Figure 2. Schematic representation of the microfluidic biochip set-up. 3D liver microtissues after ~ 6 days of culture in a spinner flask bioreactor are loaded into the microfluidic chip. Culture medium is then infused through the middle channel using a syringe pump and supernatant is collected at the outlet. Fluid velocity is set on the syringe pump controller at a flow rate of 5 μl min-1.

The main features and advantages of these 3D human hepatocyte-like micro-tissues that more closely mimic the in vivo environment are:

  • Compounds can be tested over several days.
  • Potential to co-culture microtissues with non-parenchymal liver cells (e.g. Kupffer cells, stellate cells or sinusoidal endothelial cells) due to the device geometry.
  • Easy access for non-invasive morphological and functional analyses due to the optical accessibility of the chip over the entire culture time. 
  • Easy to set up and handle for routine drug screening decreasing the risk of contamination during both test molecule administration and sample withdrawal thanks to the chip structure.
  • Cost-effective. 

This Solution could also be applied to other industry sectors, such as the chemicals sector where large numbers of animals are used for toxicology screening under the REACH (Registration, Evaluation, Authorisation and restriction of Chemicals) regulations, and to the food industry to test nutraceuticals. The application of the platform could also be expanded into other research areas, for example a combined liver and gut on-a-chip platform to study first-pass metabolism.

An industrial partnership is sought to further develop/characterise and validate the device to expand its use beyond scientific purposes into application to test new molecules, active principles or drugs. Therefore, partners from the biotechnology and pharmaceutical industry able to provide advice, compounds, and preclinical (e.g. in vitro data from 2D hepatocyte cultures) and clinical datasets for comparison, are sought to validate the model for drug safety (hepatotoxicity) and efficacy screening. Partnerships are also sought with food companies to provide nutraceuticals to test in the system.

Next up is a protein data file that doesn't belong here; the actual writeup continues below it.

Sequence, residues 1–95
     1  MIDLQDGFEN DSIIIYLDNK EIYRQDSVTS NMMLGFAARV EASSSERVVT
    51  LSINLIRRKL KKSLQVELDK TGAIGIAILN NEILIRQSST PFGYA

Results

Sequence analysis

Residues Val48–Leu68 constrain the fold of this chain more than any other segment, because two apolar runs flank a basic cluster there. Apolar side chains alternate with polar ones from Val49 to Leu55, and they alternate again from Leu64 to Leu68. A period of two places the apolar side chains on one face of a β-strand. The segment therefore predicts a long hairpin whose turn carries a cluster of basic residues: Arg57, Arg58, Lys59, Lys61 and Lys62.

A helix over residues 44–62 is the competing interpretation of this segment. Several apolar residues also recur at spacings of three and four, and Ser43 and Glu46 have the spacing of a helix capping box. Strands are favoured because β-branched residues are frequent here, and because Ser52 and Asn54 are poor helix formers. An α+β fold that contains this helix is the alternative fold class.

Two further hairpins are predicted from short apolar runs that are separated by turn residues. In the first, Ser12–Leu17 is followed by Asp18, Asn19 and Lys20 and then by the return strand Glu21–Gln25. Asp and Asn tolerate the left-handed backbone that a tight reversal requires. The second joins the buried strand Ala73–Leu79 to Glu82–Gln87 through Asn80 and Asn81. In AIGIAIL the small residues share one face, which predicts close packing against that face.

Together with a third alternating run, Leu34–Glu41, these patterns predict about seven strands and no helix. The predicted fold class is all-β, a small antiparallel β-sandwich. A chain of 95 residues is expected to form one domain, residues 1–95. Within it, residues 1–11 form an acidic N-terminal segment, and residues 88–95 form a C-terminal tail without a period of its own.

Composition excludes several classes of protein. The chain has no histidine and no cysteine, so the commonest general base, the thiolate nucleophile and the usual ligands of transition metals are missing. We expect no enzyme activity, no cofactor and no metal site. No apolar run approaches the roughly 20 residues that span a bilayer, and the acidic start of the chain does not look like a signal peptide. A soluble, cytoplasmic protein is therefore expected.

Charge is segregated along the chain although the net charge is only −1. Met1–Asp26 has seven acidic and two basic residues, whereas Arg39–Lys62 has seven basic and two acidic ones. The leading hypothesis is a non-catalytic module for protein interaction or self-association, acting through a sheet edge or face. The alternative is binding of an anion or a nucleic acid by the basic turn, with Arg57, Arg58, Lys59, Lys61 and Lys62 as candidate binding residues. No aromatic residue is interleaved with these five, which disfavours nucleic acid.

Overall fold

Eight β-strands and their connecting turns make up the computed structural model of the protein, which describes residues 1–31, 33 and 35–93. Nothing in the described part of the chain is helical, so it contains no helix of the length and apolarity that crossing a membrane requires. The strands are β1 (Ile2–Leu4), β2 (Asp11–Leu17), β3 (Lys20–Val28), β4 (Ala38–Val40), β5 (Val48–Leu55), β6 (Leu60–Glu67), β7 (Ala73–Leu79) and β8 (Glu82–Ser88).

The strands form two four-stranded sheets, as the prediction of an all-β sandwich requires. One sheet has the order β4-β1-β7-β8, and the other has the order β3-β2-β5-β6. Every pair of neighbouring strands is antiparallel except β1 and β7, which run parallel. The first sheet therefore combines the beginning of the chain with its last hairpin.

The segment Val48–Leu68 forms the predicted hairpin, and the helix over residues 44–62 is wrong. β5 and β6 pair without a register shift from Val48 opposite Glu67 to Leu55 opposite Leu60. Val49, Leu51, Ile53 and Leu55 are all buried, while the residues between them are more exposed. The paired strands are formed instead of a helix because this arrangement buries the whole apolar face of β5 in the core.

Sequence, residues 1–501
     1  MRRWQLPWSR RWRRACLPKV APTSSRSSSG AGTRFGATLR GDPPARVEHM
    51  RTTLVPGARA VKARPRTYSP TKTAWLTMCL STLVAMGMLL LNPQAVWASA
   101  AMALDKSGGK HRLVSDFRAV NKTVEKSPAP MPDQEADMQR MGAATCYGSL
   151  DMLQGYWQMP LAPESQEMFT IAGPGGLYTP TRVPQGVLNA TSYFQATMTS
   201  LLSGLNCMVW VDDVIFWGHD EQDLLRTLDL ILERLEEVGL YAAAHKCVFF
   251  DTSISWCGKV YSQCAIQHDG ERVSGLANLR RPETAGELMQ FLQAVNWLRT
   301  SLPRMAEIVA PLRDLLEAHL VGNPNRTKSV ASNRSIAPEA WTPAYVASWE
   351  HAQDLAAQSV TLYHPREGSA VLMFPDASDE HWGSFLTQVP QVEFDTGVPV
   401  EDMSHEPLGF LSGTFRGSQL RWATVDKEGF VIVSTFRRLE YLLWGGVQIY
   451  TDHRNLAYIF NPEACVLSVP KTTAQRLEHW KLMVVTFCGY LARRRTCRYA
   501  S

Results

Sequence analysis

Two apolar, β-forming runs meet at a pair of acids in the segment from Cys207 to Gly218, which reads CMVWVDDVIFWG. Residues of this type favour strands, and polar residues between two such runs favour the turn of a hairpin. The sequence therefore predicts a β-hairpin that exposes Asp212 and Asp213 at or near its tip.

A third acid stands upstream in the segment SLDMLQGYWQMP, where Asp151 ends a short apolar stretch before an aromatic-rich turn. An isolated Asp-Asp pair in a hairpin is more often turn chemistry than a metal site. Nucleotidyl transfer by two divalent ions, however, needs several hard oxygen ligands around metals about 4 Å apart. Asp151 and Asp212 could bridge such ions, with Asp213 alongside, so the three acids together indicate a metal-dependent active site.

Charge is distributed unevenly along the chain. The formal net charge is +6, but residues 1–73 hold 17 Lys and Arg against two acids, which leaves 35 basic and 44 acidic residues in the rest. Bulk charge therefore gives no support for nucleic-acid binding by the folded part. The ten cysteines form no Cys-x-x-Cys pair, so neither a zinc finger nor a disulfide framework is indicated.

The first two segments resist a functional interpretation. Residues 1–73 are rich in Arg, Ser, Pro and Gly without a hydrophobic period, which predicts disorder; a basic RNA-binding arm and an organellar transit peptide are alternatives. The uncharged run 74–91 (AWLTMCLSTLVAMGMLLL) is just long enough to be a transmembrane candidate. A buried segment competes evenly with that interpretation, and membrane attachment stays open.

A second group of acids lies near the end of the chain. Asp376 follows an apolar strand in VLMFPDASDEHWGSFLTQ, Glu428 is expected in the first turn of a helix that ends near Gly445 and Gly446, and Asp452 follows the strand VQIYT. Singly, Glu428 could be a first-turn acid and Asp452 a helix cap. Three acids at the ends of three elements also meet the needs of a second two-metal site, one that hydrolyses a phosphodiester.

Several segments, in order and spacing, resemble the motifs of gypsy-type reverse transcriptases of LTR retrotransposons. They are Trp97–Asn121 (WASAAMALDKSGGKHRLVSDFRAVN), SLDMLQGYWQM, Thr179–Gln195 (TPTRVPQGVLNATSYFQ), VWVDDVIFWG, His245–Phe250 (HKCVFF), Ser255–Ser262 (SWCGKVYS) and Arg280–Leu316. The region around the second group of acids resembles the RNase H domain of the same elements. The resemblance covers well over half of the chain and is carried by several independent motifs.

In addition, partnerships are sought to help further develop and validate the device with microtissues composed of hiPSC-derived liver cells (and/or primary human hepatocytes), and/or to co-culture human hepatocyte-like microtissues with non-parenchymal cells (e.g. Kupffer cells, stellate cells, sinusoidal endothelial cells).

In vivo assessment of drug-induced hepatoxicity in rodent and non-rodent toxicology studies typically involves evaluating liver histopathology along with measuring clinical chemistry markers such as alanine aminotransferase and aspartate aminotransferase. These studies use large numbers of animals, are low throughput, costly, time consuming, invasive and are not always predictive of effects in humans due to species-specific difference in drug metabolism pathways. A rodent (rat) repeat-dose GLP toxicology study uses up to 200 animals per study (e.g. three dose groups and a control group (up to 15 animals per sex per dose group), plus recovery animals (five animals per sex for control and high dose group) and toxicokinetic satellite animals) (Sparrow et al., 2011). If hepatoxic signals are identified in these studies then this will trigger follow-up studies to characterise the hepatoxic effects and identify possible mechanisms, further increasing the number of animals used.

This Solution has the potential to reduce animal use by providing a screen to improve the early identification of drugs with undesirable properties, preventing these drugs from progressing into animal studies. In the longer term, as more data are generated and the system is developed and validated further and shown to be predictive of effects in humans, the Solution may provide an absolute replacement of animal models.

In addition, application to other industrial sectors (e.g. chemical and food industry) and future development of the system into other research areas will further increase the potential 3Rs impact.


  • Sparrow S, Robinson S, Bolam S, et al. (2011). Opportunities to minimise animal use in pharmaceutical regulatory general toxicology: A cross-company review. Regulatory Toxicology and Pharmacology 61(2): 222-229. doi: 10.1016/j.yrtph.2011.08.001.